There's some hard science behind the positive effects that art has on the healing process. Can you tell us more about that? With neuroimaging, we now know that when someone talks about their trauma, the frontal lobe shuts down. That is where the executive function, reasoning and language, take place. What lights up in the brain is the amygdala, the seat of emotional memories. By working with nonverbal, image-based material, many people can better access the buried emotional wounds that need to be expressed and metabolized in order to heal.
What have been your biggest inspirations? Eve Ensler is a playwright, performer, activist and sexual abuse survivor who took her trauma history as motivation to help others heal and transform their lives. She has done more to improve the lives of women on the planet than anyone I can think of. And I had the chance to meet her in 2002.
Losing my brother, Eric, when he was 19 and I was 22 inspired me to make the most of my life since his was cut so short.
You've written two books. You've had numerous showings of your works. You've presented all over the country, including earlier this year at the University of Delaware. What's next? In addition to my fall teaching and workshops, I'm also teaching a six-week course for LEAP at Lewiston High School. In that program, I'm meeting many Somali students and I'm hoping to show them they are more creative then they might have imagined. And L/A Arts has asked me to lead a mask-making workshop in Lewiston at Gallery 5 at the end of the month.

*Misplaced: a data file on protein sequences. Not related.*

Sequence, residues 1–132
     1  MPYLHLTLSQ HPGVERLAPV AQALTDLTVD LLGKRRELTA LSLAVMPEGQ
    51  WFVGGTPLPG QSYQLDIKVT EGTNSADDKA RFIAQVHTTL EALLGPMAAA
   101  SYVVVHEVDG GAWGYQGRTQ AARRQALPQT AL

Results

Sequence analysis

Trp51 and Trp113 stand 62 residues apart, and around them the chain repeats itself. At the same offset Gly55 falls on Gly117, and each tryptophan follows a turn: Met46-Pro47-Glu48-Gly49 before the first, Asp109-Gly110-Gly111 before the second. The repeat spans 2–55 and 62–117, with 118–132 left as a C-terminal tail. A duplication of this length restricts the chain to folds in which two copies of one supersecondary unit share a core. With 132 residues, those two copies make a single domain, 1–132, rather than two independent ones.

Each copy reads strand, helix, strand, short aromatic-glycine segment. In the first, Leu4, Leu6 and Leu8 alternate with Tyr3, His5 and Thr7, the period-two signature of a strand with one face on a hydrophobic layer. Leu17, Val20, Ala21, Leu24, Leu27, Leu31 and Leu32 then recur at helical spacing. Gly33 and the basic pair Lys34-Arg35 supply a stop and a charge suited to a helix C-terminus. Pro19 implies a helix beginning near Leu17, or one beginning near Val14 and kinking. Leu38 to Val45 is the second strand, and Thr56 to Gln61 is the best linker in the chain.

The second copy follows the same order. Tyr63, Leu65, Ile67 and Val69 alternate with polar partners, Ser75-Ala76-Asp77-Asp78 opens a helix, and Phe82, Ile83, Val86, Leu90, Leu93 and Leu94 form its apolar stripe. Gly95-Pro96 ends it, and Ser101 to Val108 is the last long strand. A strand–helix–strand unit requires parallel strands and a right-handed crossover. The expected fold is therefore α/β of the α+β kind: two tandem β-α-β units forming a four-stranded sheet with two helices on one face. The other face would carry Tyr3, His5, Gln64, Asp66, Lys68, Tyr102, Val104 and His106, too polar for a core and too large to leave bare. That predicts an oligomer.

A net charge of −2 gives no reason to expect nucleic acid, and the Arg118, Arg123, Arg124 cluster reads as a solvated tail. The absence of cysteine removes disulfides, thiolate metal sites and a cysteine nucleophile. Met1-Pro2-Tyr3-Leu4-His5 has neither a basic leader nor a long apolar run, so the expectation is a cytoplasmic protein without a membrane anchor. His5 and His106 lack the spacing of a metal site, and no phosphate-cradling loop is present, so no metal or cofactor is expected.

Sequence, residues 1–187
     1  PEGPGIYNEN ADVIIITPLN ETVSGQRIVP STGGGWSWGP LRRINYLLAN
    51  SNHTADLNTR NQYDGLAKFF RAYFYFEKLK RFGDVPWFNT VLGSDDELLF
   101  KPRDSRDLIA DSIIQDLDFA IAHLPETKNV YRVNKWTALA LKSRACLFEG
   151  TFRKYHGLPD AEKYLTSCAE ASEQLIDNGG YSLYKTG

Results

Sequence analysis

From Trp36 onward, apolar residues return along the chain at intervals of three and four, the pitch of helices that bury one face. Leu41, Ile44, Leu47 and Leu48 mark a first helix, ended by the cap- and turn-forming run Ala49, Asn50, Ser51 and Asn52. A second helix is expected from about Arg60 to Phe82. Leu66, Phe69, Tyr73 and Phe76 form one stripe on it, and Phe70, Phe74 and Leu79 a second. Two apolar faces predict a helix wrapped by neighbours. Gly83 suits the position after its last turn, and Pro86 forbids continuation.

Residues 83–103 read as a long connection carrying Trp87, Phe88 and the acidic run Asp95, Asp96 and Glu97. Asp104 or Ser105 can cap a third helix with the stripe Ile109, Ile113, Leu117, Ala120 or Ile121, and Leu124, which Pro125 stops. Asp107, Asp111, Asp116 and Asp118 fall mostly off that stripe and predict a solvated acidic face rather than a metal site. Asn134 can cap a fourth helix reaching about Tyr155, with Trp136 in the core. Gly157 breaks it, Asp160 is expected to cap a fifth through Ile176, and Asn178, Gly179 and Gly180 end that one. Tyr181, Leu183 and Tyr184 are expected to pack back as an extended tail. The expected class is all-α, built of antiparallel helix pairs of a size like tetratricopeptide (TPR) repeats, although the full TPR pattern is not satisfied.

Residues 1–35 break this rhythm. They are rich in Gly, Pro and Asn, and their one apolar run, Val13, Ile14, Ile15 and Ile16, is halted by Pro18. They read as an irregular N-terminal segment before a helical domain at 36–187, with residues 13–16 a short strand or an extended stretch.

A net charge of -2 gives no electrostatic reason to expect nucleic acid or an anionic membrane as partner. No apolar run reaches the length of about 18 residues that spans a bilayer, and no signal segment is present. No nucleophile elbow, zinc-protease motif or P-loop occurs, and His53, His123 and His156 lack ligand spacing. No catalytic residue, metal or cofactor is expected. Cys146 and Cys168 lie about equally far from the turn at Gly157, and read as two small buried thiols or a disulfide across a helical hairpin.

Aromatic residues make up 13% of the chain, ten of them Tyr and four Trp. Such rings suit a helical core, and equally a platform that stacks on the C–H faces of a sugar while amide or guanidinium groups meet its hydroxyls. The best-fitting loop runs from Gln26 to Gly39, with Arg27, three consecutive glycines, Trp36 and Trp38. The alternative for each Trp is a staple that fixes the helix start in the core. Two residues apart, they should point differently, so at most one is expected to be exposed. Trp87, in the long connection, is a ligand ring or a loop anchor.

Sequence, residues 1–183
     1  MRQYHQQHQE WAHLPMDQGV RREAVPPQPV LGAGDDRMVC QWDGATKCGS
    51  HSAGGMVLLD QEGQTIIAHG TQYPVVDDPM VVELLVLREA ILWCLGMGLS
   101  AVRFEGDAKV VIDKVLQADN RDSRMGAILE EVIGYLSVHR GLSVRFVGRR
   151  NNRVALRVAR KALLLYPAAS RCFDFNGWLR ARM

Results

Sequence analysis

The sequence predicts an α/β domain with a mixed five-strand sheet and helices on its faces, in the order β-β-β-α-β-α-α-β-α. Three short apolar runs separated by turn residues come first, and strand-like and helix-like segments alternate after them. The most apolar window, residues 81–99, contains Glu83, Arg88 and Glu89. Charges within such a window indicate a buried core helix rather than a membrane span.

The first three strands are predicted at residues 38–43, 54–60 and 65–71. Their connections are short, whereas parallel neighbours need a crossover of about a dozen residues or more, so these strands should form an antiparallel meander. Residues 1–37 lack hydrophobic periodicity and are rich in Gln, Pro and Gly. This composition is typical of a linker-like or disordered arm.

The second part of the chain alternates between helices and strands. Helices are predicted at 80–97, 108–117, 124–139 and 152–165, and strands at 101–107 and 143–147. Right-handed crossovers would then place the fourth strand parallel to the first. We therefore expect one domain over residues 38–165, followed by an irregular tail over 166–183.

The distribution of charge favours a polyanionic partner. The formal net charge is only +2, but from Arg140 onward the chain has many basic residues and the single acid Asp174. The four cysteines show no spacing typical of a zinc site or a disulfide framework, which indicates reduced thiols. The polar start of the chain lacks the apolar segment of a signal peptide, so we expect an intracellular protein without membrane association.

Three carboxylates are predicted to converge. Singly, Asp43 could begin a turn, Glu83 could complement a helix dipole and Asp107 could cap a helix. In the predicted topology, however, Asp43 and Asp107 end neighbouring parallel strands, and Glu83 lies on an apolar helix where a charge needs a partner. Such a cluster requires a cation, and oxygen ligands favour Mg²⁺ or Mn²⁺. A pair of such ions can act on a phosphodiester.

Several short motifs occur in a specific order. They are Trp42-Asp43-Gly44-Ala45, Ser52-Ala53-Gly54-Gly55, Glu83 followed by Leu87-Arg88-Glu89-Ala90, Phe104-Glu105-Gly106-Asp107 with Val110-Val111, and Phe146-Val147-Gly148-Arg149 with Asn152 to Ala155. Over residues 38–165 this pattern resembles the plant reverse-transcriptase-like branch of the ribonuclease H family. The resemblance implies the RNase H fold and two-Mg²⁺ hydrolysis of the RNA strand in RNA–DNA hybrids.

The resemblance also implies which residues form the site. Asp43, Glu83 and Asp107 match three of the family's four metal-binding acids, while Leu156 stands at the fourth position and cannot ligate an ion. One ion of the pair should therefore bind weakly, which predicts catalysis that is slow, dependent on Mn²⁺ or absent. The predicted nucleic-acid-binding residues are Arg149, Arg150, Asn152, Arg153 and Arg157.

I've also volunteered to work for the Truth and Reconciliation Act just passed in May, to begin the healing process for our Maine native tribes regarding the abuses suffered. But I haven't heard yet if I am going to be able to be involved.
I have a new body of photography work in which I plan to take my landscape photography and cut and tear it apart and sew it back together again and create large mandalas. (Some of her photography is represented by VoxPhotographs of Porland.) And I have two more books I'm thinking about: one is about how to nurture creativity and the other might be where I would tell my own personal story of healing using all the forms of art that have helped me.